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N-termini of amino acids are also protected by groups that are "temporary" block with protecting groups, because they can be easily removed to allow peptide bond formation. Two common N-terminal protecting groups are tert-butoxycarbonyl (Boc) and 9-fluorenylmethoxycarbonyl (Fmoc), and each group has distinct characteristics that determine their use. Boc requires a moderately strong acid such as trifluoracetic acid (TFA) to be removed from the newly added amino acid, while Fmoc is a base-labile protecting group that is removed with a mild base such as piperidine.
Because multiple protecting groups are normally used in peptide synthesis, it is evident that these groups must be compatible to allow deprotection of distinct protecting groups while not affecting other protecting groups. Protecting schemes are therefore established to match protecting groups so that deprotection of one protecting group does not affect the binding of the other groups. Because N-terminal deprotection occurs continuously during peptide synthesis, protecting schemes have been established in which the different types of side chain protecting groups (Bzl or tBu) are matched to either Boc or Fmoc, respectively, for optimized deprotection.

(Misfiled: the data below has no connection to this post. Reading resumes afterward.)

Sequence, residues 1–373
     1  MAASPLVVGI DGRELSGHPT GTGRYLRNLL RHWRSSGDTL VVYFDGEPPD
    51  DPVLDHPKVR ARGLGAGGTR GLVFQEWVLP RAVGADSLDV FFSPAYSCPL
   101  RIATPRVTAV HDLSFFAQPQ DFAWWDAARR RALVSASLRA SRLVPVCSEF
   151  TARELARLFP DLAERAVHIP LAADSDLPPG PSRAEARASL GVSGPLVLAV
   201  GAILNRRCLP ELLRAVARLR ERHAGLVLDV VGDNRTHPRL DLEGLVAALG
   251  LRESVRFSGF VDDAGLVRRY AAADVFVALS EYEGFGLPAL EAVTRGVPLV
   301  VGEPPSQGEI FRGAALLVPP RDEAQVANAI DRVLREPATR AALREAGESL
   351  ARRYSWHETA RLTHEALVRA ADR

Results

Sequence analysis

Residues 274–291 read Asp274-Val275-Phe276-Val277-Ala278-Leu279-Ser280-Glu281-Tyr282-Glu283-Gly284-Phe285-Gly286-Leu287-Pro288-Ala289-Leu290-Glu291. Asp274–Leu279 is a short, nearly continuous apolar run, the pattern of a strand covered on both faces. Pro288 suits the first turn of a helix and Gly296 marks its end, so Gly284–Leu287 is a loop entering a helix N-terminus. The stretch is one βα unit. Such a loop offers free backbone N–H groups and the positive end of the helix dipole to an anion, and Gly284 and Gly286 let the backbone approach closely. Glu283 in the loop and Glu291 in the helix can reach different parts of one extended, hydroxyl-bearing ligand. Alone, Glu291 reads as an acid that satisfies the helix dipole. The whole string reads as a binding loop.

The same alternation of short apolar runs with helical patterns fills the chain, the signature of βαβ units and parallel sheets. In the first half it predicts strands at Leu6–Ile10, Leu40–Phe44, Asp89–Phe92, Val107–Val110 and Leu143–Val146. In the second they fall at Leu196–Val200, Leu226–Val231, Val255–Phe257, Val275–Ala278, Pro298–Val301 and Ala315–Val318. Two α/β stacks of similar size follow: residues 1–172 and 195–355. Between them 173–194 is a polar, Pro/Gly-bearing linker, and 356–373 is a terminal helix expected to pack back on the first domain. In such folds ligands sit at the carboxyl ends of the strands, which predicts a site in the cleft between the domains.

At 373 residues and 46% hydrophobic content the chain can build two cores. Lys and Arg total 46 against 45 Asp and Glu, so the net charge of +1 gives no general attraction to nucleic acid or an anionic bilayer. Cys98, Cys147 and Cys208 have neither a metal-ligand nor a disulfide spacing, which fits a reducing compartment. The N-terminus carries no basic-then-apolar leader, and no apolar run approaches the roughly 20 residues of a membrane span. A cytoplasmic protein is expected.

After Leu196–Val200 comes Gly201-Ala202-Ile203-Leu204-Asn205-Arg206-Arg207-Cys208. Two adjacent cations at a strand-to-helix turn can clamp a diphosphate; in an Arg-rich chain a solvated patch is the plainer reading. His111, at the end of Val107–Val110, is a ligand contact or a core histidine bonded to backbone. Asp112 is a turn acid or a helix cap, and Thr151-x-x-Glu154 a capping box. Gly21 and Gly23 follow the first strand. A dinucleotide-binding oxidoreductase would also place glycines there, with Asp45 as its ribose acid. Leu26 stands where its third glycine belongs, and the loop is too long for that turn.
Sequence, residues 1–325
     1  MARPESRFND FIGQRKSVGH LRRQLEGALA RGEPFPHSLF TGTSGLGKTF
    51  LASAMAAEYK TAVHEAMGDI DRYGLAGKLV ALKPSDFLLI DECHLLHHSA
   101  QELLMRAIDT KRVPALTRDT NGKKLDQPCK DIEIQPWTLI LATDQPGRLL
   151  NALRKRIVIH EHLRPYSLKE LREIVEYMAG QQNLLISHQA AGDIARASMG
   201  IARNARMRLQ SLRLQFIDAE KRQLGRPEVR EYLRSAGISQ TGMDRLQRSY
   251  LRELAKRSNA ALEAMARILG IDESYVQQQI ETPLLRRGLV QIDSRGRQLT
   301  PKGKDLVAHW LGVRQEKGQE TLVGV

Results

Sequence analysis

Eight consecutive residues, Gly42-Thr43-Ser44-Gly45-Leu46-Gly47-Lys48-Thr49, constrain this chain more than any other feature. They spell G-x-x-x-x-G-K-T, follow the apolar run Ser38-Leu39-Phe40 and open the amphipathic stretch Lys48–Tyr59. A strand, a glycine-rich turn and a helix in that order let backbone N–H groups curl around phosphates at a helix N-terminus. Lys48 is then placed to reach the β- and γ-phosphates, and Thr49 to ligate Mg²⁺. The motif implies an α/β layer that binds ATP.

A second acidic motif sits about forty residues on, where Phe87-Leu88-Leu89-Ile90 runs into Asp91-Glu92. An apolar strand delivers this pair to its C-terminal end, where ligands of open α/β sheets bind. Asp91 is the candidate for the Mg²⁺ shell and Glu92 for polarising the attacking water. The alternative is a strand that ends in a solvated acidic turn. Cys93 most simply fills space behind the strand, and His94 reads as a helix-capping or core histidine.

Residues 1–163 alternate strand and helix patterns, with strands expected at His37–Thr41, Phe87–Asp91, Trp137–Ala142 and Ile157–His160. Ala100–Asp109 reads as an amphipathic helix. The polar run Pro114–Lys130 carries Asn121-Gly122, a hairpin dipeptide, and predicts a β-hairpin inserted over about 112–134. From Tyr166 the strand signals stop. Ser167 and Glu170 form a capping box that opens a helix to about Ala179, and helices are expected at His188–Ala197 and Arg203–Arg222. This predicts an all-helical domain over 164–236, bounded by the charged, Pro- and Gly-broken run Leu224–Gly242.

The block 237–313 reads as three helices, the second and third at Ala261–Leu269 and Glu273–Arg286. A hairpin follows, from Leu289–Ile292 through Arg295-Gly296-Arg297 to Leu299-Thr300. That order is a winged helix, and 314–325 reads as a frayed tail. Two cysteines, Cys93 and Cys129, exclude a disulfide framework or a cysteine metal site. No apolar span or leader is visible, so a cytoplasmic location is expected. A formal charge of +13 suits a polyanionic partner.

Visit our Peptide Synthesis Chemistry page in the technical library for more information.
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